function Sum (N : Domain) return Natural is
(if N = 0 then 0 else N + Sum (N - 1))
with
Post => Sum'Result = To_Int (To_Big (N) * (1 + To_Big (N)) / 2),
Subprogram_Variant => (Decreases => N);
-- Request a proof that Sum will terminate for all possible values of N.
pragma Annotate (GNATprove, Terminating, Sum);
begin
null;
end Main;
```

**output** (gnatprove)

```
$ gnatprove -Pdefault.gpr --output=oneline --report=all --level=1 --prover=z3
Phase 1 of 2: generation of Global contracts ...
Phase 2 of 2: flow analysis and proof ...
main.adb:13:13: info: subprogram "Sum" will terminate, terminating annotation has been proved
main.adb:14:30: info: overflow check proved
main.adb:14:32: info: subprogram variant proved
main.adb:14:39: info: range check proved
main.adb:16:18: info: postcondition proved
main.adb:16:31: info: range check proved
main.adb:16:53: info: predicate check proved
main.adb:16:69: info: division check proved
main.adb:16:71: info: predicate check proved
Summary logged in [...]/gnatprove.out
```

**ADDENDUM** (in response to comment)

So you can add the post condition as a recursive function, but that does not help in proving the absence of overflow; you will still have to provide some upper bound on the function result in order to convince the prover that the expression `N + Sum (N - 1)`

will not cause an overflow.

To check the absence of overflow during the addition, the prover will consider all possible values that `Sum`

might return according to it's specification and see if at least one of those value might cause the addition to overflow. In the absence of an explicit bound in the post condition, `Sum`

might, according to its return type, return any value in the range `Natural'Range`

. That range includes `Natural'Last`

and that value will definitely cause an overflow. Therefore, the prover will report that the addition might overflow. The fact that `Sum`

never returns that value given its allowable input values is irrelevant here (that's why it reports *might*). Hence, a more precise upper bound on the return value is required.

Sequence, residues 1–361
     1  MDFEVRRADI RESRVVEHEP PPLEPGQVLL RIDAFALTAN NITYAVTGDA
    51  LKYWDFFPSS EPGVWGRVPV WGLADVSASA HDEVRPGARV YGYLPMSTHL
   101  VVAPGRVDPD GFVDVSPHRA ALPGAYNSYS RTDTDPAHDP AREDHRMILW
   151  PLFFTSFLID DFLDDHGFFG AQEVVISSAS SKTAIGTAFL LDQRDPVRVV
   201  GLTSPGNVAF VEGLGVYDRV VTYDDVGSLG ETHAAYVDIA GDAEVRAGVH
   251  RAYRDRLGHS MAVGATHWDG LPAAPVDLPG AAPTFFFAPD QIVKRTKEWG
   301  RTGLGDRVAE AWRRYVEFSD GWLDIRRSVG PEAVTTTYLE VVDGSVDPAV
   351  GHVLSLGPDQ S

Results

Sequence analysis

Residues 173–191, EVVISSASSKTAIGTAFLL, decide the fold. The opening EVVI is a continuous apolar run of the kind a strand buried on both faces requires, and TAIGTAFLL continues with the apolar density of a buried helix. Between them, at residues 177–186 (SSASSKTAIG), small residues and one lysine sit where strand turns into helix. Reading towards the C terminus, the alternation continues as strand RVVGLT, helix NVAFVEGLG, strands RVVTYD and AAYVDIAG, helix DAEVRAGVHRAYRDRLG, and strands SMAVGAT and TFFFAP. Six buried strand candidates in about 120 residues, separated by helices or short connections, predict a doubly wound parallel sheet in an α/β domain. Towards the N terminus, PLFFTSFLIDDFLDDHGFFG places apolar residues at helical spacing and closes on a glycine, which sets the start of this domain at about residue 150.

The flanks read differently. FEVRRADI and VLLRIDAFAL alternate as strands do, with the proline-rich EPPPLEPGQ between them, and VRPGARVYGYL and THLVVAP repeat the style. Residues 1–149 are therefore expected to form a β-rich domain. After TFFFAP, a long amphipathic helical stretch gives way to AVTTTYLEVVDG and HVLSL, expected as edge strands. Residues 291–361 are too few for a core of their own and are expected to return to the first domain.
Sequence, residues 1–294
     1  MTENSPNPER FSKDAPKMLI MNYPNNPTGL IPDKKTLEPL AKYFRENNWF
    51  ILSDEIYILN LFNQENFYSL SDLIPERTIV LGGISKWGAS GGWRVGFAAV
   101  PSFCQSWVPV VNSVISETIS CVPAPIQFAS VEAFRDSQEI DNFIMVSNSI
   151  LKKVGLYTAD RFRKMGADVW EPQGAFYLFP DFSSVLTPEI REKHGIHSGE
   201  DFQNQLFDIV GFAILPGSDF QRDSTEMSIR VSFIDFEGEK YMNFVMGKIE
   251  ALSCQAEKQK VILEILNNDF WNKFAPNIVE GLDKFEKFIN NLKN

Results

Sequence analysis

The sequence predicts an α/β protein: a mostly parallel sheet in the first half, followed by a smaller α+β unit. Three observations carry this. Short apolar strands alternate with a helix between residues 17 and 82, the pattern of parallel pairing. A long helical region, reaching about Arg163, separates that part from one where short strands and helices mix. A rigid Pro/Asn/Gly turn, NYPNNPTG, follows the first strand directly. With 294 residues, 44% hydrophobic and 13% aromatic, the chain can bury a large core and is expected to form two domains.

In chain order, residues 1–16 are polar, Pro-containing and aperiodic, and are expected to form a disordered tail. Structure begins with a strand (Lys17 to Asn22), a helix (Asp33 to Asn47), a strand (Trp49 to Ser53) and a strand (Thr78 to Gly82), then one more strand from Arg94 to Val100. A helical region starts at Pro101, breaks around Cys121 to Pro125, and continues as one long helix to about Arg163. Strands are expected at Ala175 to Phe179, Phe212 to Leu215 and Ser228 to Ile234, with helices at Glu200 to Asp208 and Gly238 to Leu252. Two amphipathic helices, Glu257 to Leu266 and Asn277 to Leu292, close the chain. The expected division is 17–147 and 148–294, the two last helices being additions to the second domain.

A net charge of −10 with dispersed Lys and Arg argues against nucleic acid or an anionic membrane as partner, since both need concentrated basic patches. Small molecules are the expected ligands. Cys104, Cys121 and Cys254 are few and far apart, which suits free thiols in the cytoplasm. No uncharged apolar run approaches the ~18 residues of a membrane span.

If an exact upper bound is not available, then you'll typically fallback onto a more conservative bound like, in this case, `N * N`

(or use saturation math as shown in the Fibonacci example from the SPARK user manual, section 5.2.7, but that approach *does* change your function which might not be desirable).

Here's an alternative example:

**example.ads**

```
package Example with SPARK_Mode is
subtype Domain is Natural range 0 .. 2**15;
function Sum (N : Domain) return Natural
with Post =>
Sum'Result = (if N = 0 then 0 else N + Sum (N - 1)) and
Sum'Result <= N * N; -- conservative upper bound if the closed form
-- solution to the recursive function would
-- not exist.
end Example;
```

**example.adb**

```
package body Example with SPARK_Mode is
function Sum (N : Domain) return Natural is
begin
if N = 0 then
return N;
else
return N + Sum (N - 1);
end if;
end Sum;
end Example;
```

**output** (gnatprove)

```
$ gnatprove -Pdefault.gpr --output=oneline --report=all
Phase 1 of 2: generation of Global contracts ...
Phase 2 of 2: flow analysis and proof ...
example.adb:8:19: info: overflow check proved
example.adb:8:28: info: range check proved
example.ads:7:08: info: postcondition proved
example.ads:7:45: info: overflow check proved
example.ads:7:54: info: range check proved
Summary logged in [...]/gnatprove.out
```

`subtype Summable is Natural range 0 .. 2;`

might help. Also,`Post => Sum'Result = N * (N + 1) / 2`

will probably work. Finally, as N is an in parameter, it cannot be decreased, but I'm not clear what that is supposed to mean in this context.`Decreases => n`

, it says that any recursive invocation is done using a smaller input`n`

for each invocation. This is necessary for ensuring the recursion is finite, however it would not seem to apply on recursive expressions inside postconditions, which is unfortunate in my scenario.3more comments